The Sudden Death Of Stars – All Unrevealed Parts of the Unknown



I feel a little guilty as I have been living with this album for two months now and only just got round to posting a review. So why the self-induced angst? Well I loved the French band’s debut from last year and pretty much anyone with a passing interest in 60s psych who stepped through my door got to hear at least a snatch of it.

But when I first listened to the follow up, All Unrevealed Parts of the Unknown, I was little a underwhelmed. For me the band’s debut worked because of their magpie-esque approach to pinching from their influences and sticking then into their musical blender. So opener Supernovae was sitar-driven Brian Jonestown Massacre influenced drone pop with ace tribal drumming, while the moody organ pop of I’ll Be There recalled Rupert’s People. Sure, much of the album sat within the realms of 60s influenced psych, but you never could guess exactly what was coming next.

For this album TSDOS have honed their sound and in comparison with its predecessor it all sounds a lot more uniform. It is still very much rooted in the late 60s psych tradition, but if anything the band have metaphysically crossed The Atlantic and started channelling more garage psych bands of the type that pop up up on Nuggets and Pebbles comps as opposed to the more Perfumed Garden Brit psych of before. So there’s a lot more Thirteenth Floor Elevators, Strawberry Alarm Clock and hundreds of other band with ludicrous names on this album than the first.

Then after about the fourth or fifth listen this album began to click. The opening track The Void, which I had written off as a slightly dull BJM influenced drone, flowered into gorgeously sweet floaty organ driven tune that I wanted to play again and again. Over The Top, with its manic twangy guitar suddenly blossomed into a minor garage punk classic courtesy of its inventive and rather surprising instrumental break.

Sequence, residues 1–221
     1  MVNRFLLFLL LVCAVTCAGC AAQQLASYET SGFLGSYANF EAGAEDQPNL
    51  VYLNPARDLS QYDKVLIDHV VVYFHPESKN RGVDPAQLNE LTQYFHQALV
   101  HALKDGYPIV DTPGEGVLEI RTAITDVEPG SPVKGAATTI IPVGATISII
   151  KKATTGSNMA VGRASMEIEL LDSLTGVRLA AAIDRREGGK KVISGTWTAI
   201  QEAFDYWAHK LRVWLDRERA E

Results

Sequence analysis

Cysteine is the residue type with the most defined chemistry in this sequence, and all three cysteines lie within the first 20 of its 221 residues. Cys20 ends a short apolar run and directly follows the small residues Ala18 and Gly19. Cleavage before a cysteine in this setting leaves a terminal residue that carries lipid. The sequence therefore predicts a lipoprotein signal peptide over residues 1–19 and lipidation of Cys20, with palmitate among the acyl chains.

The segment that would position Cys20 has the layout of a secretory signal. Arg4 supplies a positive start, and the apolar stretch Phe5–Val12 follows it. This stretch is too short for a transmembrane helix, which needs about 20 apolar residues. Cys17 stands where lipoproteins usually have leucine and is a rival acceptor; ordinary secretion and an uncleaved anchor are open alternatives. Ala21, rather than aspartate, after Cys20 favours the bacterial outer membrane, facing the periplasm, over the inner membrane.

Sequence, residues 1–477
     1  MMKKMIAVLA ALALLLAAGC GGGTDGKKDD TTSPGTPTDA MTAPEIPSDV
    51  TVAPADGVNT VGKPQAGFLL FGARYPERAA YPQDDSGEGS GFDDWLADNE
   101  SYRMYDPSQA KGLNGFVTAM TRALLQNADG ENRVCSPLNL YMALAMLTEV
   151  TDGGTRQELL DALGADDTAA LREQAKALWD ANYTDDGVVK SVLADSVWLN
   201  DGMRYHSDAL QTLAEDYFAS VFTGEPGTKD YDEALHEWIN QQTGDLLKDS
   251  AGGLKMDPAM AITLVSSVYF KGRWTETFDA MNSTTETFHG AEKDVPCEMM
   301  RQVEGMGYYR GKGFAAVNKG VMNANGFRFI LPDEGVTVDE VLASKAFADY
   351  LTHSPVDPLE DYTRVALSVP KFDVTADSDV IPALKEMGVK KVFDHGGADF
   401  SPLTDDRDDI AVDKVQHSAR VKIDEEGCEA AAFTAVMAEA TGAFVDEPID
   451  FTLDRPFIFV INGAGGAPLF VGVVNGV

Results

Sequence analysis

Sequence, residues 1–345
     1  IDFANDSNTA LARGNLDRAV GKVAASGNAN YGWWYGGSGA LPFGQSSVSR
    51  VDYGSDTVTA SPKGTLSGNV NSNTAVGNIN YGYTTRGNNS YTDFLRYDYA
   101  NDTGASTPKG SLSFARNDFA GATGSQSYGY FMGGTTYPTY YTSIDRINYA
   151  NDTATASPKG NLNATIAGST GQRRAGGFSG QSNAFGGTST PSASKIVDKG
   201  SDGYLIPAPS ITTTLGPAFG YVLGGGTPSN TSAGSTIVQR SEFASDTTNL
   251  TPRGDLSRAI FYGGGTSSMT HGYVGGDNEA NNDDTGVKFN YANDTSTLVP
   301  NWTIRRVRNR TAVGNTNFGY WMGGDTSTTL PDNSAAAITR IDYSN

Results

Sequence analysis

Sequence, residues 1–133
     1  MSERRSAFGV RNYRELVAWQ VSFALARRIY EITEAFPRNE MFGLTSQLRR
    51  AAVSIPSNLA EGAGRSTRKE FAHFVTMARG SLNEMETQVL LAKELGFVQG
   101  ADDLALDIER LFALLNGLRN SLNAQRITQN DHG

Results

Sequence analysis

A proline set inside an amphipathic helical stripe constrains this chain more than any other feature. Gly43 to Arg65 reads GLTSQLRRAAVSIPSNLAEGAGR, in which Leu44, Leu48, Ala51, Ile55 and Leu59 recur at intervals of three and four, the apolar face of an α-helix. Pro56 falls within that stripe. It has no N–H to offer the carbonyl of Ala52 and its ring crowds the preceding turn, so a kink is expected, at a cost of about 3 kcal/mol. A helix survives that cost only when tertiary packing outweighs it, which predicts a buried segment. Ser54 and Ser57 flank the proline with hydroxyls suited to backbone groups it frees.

What makes this album fun is that pretty much every track has some instrumental flourish that, after a few spins become really rather addictive. So there’s a hint of Eight Miles High in the guitar break of Over The Top while Magic Mirror has a driving guitar riff which then has to battle for your attention with a wonderfully squeaky organ solo.

Best of all is the finale The Love Substitute, which sees the band slow things down, add a touch of something that sounds like brass, and then speed things up in the chorus. It is as smart and as catchy as the records than inspired it and in 2014 there aren’t many higher accolades than that.

If you liked that first album make sure you give this one your fullest attention – it really does massively reward repeat listens.

Incidentally the band’s earliest recordings, Uniform, are also available now too. Track four This Vision Of You, is the one to play first.



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